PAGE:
5.5As to article 9, the author argues that security of person encompasses protection against threats to the life and liberty of the person as well as to physical and moral integrity. In this sense, it also concerns the person’s dignity and reputation. The author recalls that the order revoking citizenship alone could lead to the automatic loss of his right of residence in Canada.
5.6As to article 14, the author argues that this article is applicable in his case because the dispute concerns his civil rights, specifically his status as a Canadian citizen. He claims that, as well as subjecting him to unequal treatment because of his particular circumstances, the revocation proceedings fail to provide an opportunity for a fair hearing before the decision maker. He recalls that the case concerns citizenship, not immigration. It is clear from the requirement for a prior judicial determination that this right cannot be withdrawn by the mere exercise of a prerogative. The court’s consideration should not be limited to the issue of false representation. A broader review should be undertaken to safeguard the author’s fundamental right to have any decision affecting his rights taken by an impartial tribunal. The author submits that the procedure under the Citizenship Act does not provide for a hearing before the decision maker who actually revokes citizenship, and that the proceeding violates the Covenant because the decision is not made by an impartial and independent court.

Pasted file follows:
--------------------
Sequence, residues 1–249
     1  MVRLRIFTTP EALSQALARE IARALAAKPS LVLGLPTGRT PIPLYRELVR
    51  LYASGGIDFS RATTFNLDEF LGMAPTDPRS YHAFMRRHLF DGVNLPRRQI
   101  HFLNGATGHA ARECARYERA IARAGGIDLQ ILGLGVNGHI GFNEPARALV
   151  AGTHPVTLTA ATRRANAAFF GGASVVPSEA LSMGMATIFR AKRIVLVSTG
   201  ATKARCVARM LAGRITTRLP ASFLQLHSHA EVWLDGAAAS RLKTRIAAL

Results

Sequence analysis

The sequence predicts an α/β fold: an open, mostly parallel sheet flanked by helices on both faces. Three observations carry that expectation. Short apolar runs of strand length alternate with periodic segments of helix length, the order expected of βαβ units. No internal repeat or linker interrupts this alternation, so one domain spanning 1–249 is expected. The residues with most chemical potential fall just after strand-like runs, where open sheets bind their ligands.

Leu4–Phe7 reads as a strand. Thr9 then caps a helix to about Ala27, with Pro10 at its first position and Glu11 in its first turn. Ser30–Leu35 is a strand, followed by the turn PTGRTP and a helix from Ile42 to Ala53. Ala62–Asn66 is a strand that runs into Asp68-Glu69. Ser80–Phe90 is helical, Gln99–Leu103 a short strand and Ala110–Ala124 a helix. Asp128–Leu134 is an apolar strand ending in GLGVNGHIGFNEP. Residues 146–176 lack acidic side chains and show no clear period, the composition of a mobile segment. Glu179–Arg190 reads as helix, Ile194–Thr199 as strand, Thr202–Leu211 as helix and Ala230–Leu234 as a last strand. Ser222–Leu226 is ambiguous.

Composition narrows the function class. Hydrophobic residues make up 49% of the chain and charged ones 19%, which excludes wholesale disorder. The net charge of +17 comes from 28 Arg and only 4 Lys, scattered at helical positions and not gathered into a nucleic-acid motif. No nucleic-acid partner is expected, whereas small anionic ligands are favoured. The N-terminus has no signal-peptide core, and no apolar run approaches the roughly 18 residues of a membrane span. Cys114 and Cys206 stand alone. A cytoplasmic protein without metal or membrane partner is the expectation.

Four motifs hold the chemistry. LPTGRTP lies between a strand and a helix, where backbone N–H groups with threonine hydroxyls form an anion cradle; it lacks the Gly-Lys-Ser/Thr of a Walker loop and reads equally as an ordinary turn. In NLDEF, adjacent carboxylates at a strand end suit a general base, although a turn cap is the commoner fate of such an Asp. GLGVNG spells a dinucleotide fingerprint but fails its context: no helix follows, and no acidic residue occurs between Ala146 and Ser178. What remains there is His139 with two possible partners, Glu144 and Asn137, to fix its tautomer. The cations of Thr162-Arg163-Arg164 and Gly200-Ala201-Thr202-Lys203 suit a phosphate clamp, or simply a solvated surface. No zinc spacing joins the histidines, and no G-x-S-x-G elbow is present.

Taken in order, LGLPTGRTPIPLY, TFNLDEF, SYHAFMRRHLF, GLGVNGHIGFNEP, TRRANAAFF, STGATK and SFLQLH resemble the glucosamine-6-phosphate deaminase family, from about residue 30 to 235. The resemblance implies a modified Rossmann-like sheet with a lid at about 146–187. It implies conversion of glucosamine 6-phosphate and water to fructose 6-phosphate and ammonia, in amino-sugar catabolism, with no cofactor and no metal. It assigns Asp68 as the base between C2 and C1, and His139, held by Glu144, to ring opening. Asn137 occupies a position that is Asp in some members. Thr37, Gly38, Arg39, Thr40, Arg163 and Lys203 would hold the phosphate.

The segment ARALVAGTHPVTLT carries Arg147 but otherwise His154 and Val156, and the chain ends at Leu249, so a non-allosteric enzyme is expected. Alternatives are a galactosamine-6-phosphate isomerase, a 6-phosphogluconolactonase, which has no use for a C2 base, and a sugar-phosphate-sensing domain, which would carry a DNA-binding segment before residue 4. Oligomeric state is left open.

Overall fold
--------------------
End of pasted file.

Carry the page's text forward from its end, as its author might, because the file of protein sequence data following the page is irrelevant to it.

5.7As to article 17, the author explains that he has invoked before the national courts a violation of section 7 of the Canadian Charter of Rights and Freedoms, which covers privacy and reputation. He maintains that the attack on his dignity and reputation is arbitrary to the extent that his circumstances prevent him from defending himself.
Supplementary submissions of the parties
6.1On 28 October 2004, the State party informed the Committee that the author died on 6 March 2004. At the time of his death, his Canadian citizenship had not yet been revoked. The State party recalls that, on 19 September 2003, the Trial Division of the Federal Court decided that the author had acquired his Canadian citizenship by knowingly concealing material circumstances relating to his activities during the Second World War. In accordance with the domestic procedure for revocation of citizenship under the Citizenship Act, the procedure then moved from the judicial to the executive phase. In December 2003, on the basis of the determination of the Trial Division of the Federal Court, the Minister of Citizenship and Immigration approved a report recommending that the Governor in Council should revoke the author’s Canadian citizenship. Before this report was forwarded to the Governor in Council for her decision, the author was given an opportunity to respond. In mid-February 2004, the author’s wife transmitted his comments to the Minister of Justice. The Minister’s response to these comments was sent to the author’s wife in mid-March 2004, and she was informed that any response should be sent before the end of April 2004. This communication remained unanswered.